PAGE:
The importance of determining whether a taxpayer involved in real estate activities is a real estate professional is twofold. First, it establishes whether the taxpayer can deduct losses from real estate activities against ordinary income. Second, it establishes whether income or gains from the real estate activities are subject to the net investment income tax.
Deductibility of rental real estate losses
Passive activity losses are only deductible against passive activity income. A passive activity is an activity involving a trade or business in which the taxpayer does not materially participate. Rental activities are generally considered passive activities regardless of whether the taxpayer materially participates (Sec. 469(c)(2)). Thus, the passive losses from such activities are usually only deductible against passive activity income.
If there is no passive income against which to deduct a passive loss, the loss is carried over to the following year. If a taxpayer qualifies as a real estate professional, however, the passive activity loss rules do not apply and losses from rental real estate activities are deductible against nonpassive income such as wages or Schedule C income (Secs. 469(a), (c)(2), and (c)(7)).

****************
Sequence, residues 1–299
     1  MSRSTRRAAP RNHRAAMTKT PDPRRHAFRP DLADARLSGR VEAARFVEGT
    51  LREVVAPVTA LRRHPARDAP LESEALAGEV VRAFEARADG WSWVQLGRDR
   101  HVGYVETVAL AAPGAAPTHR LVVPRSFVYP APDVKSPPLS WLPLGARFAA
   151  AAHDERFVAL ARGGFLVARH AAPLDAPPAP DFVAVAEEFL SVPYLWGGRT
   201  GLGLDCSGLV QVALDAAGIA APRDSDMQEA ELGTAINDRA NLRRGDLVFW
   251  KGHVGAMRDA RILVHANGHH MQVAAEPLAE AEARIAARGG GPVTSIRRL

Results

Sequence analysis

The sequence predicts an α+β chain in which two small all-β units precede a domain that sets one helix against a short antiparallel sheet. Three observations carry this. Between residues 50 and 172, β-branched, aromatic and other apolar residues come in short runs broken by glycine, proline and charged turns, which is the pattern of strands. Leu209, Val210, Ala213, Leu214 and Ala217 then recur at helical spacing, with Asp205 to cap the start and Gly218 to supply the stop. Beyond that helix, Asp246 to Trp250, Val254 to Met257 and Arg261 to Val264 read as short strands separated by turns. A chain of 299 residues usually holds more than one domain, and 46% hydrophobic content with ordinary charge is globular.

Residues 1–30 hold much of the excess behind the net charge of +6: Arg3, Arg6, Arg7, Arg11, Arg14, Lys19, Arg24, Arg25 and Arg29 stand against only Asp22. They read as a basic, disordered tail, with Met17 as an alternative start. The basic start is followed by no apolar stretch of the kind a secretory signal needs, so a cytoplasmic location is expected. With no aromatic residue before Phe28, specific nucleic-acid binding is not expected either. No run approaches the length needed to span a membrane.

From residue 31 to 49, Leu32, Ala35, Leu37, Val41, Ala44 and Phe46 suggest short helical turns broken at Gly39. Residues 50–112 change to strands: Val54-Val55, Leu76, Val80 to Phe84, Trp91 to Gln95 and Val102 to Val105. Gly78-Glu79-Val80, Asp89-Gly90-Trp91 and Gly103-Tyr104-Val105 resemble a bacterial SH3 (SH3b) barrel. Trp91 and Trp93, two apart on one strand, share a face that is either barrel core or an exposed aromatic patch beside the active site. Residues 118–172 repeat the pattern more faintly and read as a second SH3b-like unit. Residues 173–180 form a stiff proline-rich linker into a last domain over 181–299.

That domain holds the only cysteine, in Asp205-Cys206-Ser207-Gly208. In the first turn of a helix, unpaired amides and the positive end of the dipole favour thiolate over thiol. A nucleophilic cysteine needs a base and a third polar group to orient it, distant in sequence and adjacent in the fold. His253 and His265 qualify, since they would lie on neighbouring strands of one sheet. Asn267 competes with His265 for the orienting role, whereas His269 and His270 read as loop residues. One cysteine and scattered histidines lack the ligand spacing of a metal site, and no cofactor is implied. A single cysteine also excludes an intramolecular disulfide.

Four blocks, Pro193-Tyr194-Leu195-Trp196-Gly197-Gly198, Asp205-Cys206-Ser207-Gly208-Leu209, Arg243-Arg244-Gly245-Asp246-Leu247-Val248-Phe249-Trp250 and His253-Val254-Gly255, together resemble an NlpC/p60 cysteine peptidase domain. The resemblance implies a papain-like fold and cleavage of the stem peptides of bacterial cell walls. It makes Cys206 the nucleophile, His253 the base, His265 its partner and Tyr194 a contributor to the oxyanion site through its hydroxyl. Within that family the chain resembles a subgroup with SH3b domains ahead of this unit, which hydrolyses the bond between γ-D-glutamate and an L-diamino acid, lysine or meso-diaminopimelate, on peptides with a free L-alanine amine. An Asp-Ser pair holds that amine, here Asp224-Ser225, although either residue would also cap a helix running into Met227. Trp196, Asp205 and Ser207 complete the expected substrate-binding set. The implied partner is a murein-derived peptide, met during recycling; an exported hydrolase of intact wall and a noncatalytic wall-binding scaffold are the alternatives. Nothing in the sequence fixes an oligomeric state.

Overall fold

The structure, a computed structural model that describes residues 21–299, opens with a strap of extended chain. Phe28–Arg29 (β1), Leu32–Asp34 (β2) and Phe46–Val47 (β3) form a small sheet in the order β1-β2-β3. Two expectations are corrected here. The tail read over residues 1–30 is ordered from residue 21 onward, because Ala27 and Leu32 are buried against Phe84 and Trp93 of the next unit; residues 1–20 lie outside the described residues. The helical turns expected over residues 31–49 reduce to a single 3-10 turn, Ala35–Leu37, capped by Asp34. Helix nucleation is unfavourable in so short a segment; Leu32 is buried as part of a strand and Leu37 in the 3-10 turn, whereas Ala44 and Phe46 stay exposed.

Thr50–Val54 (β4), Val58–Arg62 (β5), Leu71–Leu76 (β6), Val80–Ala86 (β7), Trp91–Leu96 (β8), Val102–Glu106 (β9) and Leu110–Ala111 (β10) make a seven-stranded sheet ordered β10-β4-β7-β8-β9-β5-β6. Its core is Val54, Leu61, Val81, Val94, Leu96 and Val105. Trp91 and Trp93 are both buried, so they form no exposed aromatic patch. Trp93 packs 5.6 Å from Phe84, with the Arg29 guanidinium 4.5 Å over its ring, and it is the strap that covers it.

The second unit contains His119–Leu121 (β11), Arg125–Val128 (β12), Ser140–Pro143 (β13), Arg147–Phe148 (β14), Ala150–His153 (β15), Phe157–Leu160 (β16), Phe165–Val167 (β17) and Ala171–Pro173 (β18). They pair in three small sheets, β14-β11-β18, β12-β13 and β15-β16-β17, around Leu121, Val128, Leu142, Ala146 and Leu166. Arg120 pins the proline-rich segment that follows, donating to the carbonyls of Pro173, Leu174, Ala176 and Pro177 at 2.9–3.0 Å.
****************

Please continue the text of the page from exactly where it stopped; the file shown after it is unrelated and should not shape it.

Qualifying as a real estate professional
A taxpayer qualifies as a real estate professional for any year the taxpayer meets both of the following requirements: (1) more than half of the personal services performed in all trades or businesses during the tax year were performed in real property trades or businesses in which the taxpayer materially participated; and (2) the taxpayer performed more than 750 hours of services during the tax year in real property trades or businesses in which he or she materially participated (Sec. 469(c)(7)(B)).